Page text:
Elaine Husni: Determined Rheumatology Detective

This Cleveland Clinic doctor is spearheading an Arthritis Foundation-funded investigation into personalized RA treatments.

By Anthony Williams | May 1, 2023

Doing detective work is one of the things Elaine Husni, MD, MPH, enjoys most about her more than 20-year career as a practicing rheumatologist. During her medical training, she considered specializing in several different disciplines, including obstetrics and gynecology and anesthesia, but rheumatology kept bubbling to the top.

“I think about the chronic nature of the disease, as well as having the ability to be a detective,” she says. “Being able to pick up on clues and put them together to solve complex health mysteries, then come up with a diagnosis and a shared-decision treatment plan so that my patients get back to living their best lives. Rheumatology had it all for me.”

Today, Dr. Husni is vice chair of the Cleveland Clinic’s Department of Rheumatic and Immunologic Diseases. She’s also director of its Arthritis and Musculoskeletal Center and Scholtz Family Chair of Translational Functional Medicine Research. Dr. Husni joined the clinic in 2005 after earning her medical degree and her master’s degree in public health at Boston University School of Medicine. She completed her internship and residency at the Beth Israel Deaconess Hospital at Harvard Medical School and did her rheumatology fellowship at Brigham and Women’s hospital.

Dr. Husni is currently working on investigative projects from three grants: one awarded by the National Institutes of Health and another from the National Psoriasis Foundation, both focused on psoriatic diseases. Her third active grant, for which work got underway in 2023, comes from the Arthritis Foundation. It’s part of our research initiative into “refractory” rheumatoid arthritis, or cases that haven’t responded to multiple treatments. 

Personalizing RA Treatments

In this study, Dr. Husni aims to begin defining personalized treatment for rheumatoid arthritis (RA) by identifying genetic markers — specific regions of DNA that may differ from one person to another and that predict response or non-response to TNFi. That stands for tumor necrosis factor inhibitors: drugs made of antibodies that block inflammation caused by a reaction in the immune system. For many patients, such drugs work. But for close to half of all RA patients, they don’t. And Dr. Husni wants to unravel the mystery.

“My translational research lab here at the (Cleveland Clinic) Lerner Research Institute has identified some genetic differences in the different forms of TNF receptors,” she explains. “The gene that’s involved in this inflammation in RA may be responsible for, or influence, how somebody responds to a TNF inhibitor. Genetics can affect your treatment response.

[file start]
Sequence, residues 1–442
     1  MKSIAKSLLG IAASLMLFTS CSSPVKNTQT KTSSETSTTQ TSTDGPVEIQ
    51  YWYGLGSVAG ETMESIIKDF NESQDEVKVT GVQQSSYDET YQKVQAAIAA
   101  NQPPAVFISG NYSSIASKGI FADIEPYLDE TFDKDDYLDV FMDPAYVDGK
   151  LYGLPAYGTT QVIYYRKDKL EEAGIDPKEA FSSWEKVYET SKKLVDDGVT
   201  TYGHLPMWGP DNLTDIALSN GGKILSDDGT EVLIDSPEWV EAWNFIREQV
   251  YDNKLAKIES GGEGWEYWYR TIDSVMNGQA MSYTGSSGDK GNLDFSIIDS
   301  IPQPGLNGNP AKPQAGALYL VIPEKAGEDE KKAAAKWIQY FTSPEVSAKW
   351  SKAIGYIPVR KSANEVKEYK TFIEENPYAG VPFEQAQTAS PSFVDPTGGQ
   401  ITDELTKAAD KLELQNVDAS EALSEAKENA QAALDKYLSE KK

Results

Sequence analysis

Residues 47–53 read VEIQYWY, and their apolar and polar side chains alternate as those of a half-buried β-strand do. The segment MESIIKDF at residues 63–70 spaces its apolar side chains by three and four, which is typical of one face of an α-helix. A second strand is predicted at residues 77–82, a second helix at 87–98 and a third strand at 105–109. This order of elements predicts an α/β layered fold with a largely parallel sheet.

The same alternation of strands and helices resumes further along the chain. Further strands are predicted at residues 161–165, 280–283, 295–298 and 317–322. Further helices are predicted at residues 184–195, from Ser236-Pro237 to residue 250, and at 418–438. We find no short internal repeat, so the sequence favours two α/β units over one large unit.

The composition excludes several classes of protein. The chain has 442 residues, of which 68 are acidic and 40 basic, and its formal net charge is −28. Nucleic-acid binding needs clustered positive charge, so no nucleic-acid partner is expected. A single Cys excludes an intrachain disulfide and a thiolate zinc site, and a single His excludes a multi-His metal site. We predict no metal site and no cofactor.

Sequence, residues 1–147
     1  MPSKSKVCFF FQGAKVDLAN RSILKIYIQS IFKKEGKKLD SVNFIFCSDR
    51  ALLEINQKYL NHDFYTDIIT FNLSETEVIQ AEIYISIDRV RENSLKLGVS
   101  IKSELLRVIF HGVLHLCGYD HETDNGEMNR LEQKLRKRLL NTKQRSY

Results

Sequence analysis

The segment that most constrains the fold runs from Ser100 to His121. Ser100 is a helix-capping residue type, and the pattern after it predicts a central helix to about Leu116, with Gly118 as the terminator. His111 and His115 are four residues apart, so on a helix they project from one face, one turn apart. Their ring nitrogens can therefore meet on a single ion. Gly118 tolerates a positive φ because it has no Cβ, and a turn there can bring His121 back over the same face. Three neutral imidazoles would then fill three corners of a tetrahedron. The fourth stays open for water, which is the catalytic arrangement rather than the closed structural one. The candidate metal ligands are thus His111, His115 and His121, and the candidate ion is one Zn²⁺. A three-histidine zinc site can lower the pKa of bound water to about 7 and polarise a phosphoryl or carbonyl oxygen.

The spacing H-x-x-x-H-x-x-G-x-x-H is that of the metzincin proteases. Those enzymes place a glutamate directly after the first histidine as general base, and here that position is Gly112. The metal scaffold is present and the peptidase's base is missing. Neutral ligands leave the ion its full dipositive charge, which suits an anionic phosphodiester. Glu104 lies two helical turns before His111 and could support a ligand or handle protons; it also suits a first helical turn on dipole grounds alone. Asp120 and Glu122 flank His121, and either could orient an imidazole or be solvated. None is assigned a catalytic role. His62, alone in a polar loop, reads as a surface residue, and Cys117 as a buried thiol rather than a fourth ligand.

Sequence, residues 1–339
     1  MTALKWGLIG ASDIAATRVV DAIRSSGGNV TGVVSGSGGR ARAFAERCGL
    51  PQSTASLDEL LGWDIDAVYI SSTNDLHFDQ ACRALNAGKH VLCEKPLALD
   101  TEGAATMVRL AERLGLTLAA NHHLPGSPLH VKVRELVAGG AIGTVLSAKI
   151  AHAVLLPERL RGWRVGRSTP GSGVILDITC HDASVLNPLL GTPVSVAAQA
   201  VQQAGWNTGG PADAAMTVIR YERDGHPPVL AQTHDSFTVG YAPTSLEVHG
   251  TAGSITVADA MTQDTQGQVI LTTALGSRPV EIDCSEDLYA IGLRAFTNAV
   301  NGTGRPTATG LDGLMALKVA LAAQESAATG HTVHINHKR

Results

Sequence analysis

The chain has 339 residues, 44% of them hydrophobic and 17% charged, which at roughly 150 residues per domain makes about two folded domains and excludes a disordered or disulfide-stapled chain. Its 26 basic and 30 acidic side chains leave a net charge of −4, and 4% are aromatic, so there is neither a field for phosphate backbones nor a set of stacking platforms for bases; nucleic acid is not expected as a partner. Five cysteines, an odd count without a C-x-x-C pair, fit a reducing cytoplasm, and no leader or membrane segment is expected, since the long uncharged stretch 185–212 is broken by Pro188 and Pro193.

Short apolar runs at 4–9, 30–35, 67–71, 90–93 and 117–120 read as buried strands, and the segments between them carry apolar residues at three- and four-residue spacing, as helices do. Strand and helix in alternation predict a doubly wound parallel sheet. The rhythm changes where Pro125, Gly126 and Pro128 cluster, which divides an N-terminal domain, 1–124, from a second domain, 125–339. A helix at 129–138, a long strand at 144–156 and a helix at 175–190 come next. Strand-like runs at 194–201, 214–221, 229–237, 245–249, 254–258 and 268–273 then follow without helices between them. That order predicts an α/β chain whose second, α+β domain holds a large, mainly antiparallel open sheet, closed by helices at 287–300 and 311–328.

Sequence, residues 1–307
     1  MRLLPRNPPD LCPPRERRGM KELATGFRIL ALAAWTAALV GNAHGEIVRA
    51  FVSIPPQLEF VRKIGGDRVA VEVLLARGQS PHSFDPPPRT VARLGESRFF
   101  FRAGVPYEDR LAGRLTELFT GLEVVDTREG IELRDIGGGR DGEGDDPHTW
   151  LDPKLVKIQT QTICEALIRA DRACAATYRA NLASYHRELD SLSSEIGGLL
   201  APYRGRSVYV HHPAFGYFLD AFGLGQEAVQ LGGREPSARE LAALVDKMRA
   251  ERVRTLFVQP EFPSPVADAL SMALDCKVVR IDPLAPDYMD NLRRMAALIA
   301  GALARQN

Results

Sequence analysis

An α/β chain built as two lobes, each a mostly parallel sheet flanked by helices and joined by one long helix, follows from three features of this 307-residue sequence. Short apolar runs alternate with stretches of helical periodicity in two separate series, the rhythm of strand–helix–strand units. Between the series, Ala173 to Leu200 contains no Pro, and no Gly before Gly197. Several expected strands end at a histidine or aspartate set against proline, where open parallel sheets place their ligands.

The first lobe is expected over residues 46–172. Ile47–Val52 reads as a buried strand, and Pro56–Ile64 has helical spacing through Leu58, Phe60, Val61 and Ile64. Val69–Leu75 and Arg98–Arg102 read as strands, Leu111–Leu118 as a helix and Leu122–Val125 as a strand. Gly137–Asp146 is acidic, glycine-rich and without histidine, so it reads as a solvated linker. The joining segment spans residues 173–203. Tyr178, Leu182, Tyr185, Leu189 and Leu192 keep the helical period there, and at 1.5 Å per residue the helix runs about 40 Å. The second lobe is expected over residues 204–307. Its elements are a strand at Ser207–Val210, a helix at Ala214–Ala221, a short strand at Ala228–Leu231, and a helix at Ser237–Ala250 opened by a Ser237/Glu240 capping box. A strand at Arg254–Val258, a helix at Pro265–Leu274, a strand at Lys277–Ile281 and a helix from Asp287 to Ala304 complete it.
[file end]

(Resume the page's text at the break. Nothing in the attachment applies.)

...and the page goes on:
“Up to 40% of RA patients don’t respond to anti-TNF medications, which were among the first biologics that revolutionized the way we could treat patients with inflammatory arthritis.”

Dr. Husni says that right now, it’s more trial and error. “Wouldn’t it be great if we could be more individualized in our care?” she suggests. “I’d like to make the process more strategic, a bit more personalized. That could lead to quicker control of the disease without cycling through so many different medications.”

Partnering With the Arthritis Foundation

Dr. Husni credits the Arthritis Foundation for making her a better doctor. She has been interacting with us for over 20 years, spanning her involvement in the local leadership board of the Foundation in Ohio, patient education seminars, local Walk to Cure Arthritis fundraising events, advocacy and other activities.

She is also a valued member of our Medical and Scientific Advisory Committee. “The Arthritis Foundation helps empower patients to improve their health. I want the next generation of doctors to get involved with the Foundation, because the organization can touch patients in a way that physicians can’t and can help extend our relationship with patients.”

“I think the Arthritis Foundation has really done exactly what it set out to do over the past 75-plus years,” she continues. “Driving informed decision-making for patients. It’s just a great partnership in the care of arthritis patients.”

Another highlight of Dr. Husni’s career has been her exposure to research through public health databases. “I love taking care of patients one-on-one in my office. I’ve also been able to analyze databases for hundreds of thousands of patients — making observations, looking at trends. It made me realize my ability to not only take care of people one-on-one, but to also look at diseases as a whole and help make changes that could potentially affect many more patients all at once.”

That kind of detective work is in Dr. Husni’s DNA.

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